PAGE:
November 3, 2010 - A report released today by Mississippi State University shows a more than 13 percent decrease in heart attacks in Hattiesburg since the city passed a comprehensive smoking policy in public businesses, also resulting in an estimated savings of millions of dollars. In addition to identifying fewer Hattiesburg residents admitted to area hospitals for heart attacks, MSU researchers also quantified the saved costs related to individuals treated for the heart attacks at more than $2.3 million.
Robert McMillen (firstname.lastname@example.org), a researcher at the university's Social Science Research Center and assistant psychology professor; Anna Hill, a former SSRC research associate; Nell Valentine, SSRC special projects coordinator; and Dr. Robert Collins, director of MSU's health services, found results consistent with a similar study earlier this year in Starkville and in other communities throughout the U.S.
"These reductions were greater than those observed in the control populations that did not live in a community with a smoke-free ordinance," the researchers conclude in the report.
The study, which examined the number of heart attack admissions from April 21, 2005 to June 30, 2009. The study analyzed people admitted to the hospitals who lived inside the city limits compared to those from the area, but not in the city limits.
Hattiesburg's smoking policy began Jan. 1, 2007, while Starkville's policy began May 20, 2006. (On March 21, 2006, Starkville became the first city in Mississippi to adopt a smoking ban for indoor public places, including restaurants and bars.) Smoking bans have become a trend across the state as scientific publications such as "The Journal of the American Heart Association" have published research offering consistent evidence that comprehensive smoking policies provide health benefits in communities.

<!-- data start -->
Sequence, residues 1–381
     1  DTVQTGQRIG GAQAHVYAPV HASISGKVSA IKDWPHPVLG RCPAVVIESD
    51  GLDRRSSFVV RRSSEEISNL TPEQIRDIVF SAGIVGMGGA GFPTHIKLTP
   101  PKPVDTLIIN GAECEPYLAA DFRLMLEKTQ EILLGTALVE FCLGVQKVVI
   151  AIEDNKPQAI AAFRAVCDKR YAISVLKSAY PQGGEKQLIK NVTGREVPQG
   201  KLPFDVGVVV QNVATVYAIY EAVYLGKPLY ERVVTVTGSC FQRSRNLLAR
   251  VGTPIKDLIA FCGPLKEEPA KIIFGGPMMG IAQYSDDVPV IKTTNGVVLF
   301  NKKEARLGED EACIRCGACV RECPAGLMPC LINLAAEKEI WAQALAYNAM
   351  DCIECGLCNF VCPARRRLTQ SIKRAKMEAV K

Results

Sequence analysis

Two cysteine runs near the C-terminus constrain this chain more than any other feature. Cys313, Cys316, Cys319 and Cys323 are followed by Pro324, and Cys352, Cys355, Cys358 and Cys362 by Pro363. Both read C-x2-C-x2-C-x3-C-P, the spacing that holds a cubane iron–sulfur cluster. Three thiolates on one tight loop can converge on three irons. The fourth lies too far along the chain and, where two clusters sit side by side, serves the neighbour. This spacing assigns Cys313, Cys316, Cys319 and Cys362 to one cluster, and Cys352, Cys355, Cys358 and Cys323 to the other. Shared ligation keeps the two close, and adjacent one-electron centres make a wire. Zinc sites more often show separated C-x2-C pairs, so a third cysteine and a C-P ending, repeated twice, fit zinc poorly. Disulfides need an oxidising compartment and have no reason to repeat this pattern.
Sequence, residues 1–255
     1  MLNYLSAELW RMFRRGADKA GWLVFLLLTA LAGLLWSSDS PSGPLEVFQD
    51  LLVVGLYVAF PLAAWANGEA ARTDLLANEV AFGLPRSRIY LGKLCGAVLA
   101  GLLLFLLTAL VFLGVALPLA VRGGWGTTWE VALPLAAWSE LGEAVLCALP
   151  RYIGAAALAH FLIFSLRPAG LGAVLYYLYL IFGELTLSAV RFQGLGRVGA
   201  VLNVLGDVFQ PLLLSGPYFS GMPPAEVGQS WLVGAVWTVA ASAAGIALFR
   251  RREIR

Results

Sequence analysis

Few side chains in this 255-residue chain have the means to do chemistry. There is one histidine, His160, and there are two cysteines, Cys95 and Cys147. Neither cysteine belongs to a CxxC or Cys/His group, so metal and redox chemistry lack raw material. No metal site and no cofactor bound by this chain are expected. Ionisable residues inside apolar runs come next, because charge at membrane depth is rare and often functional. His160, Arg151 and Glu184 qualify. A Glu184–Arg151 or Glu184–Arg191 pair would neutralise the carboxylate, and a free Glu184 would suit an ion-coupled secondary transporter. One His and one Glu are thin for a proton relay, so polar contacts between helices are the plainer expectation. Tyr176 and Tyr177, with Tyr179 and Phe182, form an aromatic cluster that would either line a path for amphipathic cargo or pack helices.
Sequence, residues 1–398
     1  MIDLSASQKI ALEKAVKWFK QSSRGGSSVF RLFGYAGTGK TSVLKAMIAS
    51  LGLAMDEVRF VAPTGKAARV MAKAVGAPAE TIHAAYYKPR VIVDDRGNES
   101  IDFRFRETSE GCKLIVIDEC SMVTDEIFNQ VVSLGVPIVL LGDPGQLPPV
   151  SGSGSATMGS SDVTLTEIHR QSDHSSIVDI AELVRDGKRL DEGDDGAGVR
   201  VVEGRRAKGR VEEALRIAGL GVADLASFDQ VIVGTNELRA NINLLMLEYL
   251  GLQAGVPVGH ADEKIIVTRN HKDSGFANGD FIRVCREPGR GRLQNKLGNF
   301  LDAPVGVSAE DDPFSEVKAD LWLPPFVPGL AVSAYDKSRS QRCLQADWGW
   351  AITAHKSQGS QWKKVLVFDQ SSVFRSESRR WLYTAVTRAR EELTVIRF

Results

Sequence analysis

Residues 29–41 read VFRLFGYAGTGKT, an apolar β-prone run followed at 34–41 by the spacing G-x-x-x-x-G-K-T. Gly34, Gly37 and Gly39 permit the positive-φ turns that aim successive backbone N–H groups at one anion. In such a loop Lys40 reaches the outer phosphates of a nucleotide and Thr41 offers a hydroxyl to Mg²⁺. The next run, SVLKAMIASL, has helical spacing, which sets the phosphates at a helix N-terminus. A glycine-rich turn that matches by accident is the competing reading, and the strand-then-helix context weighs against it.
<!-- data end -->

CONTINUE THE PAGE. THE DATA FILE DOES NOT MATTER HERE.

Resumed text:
Hattiesburg residents experienced a 13.4 percent decrease in heart attack admissions compared to a 3.8 percent increase in admissions among those not living in the city. The study's design intended to control for larger trends that may occur in Mississippi and that could be responsible for any observed decrease in hospital admissions for heart attacks.
McMillen, other researchers, healthcare providers, elected officials, business owners, and people dramatically affected by exposure to second-hand smoke will discuss this study and other findings related to exposure to second-hand smoke today in Hattiesburg, part of the Smokefree Air Mississippi initiative sponsored by the Mississippi Department of Health. A similar program sponsored by MDH will take place in Starkville Nov. 4, along with a number of other programs promoting the healthy initiative throughout the state.
In addition to studying heart attack rates in Hattiesburg, the researchers conclude that Mississippi could experience a "substantial decrease in heart attacks, as well as substantial cost savings, if more communities and/or the state implemented smoke-free laws."
Reference: MSU research reveals Hub City smoking ban results, Universioty Realtions, Mississippi State University, 10/27/2010.